From the "Back of the Book":
"When monsters appear in Los Angeles, Maggie MacKay is on the job. No one is better at hauling the creepy crawlies back where they belong. No one, that is, except her dad, who disappeared in the middle of an assignment.
Now an elf named Killian has shown up with a gig. Seems Maggie’s uncle teamed up with the forces of darkness to turn Earth into a vampire convenience store, serving bottomless refills on humans.
The only hope for survival lies in tracking down two magical objects and a secret that vanished with Maggie’s dad.
WARNING: This book contains cussing, brawling, and unladylike behavior. Proceed with caution"
First off, let's discuss that warning that's part of the "back of the book" copy. There are a lot of f-bombs. Most people and things can't be described without a "colorful metaphor".
The plot is pretty decent, a straightforward mystery with a few unique twists to it. Most of the setting is standard fantasy set in an urban setting. The whole thing with the lions was kinda cool and unique (but I won't say more because spoilers.)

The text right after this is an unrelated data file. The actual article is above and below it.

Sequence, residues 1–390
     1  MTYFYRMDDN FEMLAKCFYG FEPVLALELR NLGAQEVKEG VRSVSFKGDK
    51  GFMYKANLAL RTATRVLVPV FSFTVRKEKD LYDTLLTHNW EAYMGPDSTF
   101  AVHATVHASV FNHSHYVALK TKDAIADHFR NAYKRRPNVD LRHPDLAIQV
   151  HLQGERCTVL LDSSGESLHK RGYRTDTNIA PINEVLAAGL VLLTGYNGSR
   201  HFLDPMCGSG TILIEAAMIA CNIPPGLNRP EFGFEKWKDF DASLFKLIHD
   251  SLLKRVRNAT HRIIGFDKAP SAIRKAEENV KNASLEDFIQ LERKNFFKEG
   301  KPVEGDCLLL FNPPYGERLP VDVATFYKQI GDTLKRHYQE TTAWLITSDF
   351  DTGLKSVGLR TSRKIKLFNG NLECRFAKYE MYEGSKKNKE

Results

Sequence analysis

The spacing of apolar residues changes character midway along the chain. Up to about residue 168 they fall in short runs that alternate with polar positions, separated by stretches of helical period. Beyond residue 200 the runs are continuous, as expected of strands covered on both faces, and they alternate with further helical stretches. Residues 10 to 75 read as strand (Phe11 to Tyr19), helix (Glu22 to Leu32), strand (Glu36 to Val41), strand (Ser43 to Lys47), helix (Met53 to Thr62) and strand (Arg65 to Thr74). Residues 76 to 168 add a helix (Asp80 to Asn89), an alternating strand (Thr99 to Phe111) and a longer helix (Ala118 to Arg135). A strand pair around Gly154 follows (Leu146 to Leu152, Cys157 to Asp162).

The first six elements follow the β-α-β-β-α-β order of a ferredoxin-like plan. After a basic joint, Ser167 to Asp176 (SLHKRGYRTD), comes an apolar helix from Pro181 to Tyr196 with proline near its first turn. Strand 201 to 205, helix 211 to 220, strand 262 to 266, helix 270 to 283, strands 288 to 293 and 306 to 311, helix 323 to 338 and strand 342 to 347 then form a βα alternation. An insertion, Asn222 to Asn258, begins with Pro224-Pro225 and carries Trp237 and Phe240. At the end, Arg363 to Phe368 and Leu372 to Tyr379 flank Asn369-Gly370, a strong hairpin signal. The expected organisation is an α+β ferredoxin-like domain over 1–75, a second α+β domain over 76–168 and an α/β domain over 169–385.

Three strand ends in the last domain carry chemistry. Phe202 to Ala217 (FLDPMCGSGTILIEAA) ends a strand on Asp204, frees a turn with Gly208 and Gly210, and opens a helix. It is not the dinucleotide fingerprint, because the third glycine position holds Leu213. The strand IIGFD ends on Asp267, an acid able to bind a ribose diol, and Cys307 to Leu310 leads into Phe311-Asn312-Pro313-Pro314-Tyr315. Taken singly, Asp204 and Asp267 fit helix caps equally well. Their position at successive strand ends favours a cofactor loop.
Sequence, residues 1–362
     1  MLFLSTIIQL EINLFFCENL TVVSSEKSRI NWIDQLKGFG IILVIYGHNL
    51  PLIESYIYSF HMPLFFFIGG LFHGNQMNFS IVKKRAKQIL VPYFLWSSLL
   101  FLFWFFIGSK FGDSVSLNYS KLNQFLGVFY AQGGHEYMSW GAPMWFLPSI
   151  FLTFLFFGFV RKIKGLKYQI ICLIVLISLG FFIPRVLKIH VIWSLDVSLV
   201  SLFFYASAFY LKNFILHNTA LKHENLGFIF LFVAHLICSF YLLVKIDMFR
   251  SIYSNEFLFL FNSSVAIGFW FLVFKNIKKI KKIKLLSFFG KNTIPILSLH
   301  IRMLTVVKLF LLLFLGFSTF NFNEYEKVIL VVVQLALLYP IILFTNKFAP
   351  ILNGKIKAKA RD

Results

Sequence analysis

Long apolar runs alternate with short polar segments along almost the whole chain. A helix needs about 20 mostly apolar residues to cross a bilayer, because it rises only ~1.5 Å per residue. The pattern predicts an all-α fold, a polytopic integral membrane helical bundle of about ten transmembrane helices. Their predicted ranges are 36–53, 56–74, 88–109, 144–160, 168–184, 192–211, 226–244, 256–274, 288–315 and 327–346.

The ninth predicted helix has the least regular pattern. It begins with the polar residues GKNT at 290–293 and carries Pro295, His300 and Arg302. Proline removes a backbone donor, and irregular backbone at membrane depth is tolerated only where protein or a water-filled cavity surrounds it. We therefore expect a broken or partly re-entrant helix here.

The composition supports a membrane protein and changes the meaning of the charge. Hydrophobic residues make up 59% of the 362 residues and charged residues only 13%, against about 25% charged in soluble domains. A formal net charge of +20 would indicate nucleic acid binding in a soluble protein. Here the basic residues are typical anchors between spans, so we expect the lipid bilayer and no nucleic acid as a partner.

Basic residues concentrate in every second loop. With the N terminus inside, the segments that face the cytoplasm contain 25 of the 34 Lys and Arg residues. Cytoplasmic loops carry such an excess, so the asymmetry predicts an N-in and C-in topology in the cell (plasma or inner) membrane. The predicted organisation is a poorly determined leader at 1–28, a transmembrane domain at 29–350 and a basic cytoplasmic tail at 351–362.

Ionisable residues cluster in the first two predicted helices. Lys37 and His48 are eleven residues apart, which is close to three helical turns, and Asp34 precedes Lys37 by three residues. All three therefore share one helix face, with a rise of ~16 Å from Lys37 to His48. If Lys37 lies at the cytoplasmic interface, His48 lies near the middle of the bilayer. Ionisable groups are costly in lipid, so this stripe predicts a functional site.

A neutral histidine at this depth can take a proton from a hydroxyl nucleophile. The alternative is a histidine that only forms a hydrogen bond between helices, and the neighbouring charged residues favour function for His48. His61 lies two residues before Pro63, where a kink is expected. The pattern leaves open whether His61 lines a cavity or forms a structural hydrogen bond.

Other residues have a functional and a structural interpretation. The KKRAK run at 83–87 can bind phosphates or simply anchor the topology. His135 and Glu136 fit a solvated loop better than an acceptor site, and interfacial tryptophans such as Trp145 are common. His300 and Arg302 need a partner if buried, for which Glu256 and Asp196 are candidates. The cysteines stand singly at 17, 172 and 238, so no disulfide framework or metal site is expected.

Really, Maggie for Hire reminded me a lot of Magic Lost, Trouble found, by Lisa Shearin. Both have wise-cracking female heroines, both have a fae companion, both are magic trackers, the list goes on. The plot in Magic Lost is slightly better, and there's a lot less f-bombs. (How many f-bombs are in Maggie for Hire? More f-bombs than are in this review (were they spelled out).)
The characters were fun to hang out with, but they had a kinda flat character arc. Maggie swears a teeny bit less at the end of the book. Her elven companion, he doesn't do much character-wise through the story, and at the end he's still the same as he was at the beginning.
Overall, I'd recommend this book if you like the urban fantasy with wise-cracking, butt-kicking heroes with fairy companions who swear a lot genre.
Three stars, I liked it. Iit's not the best I've read in the genre, but it did keep me turning the pages. Also, it's free on Amazon (at the time this review was written), so you can't go wrong there.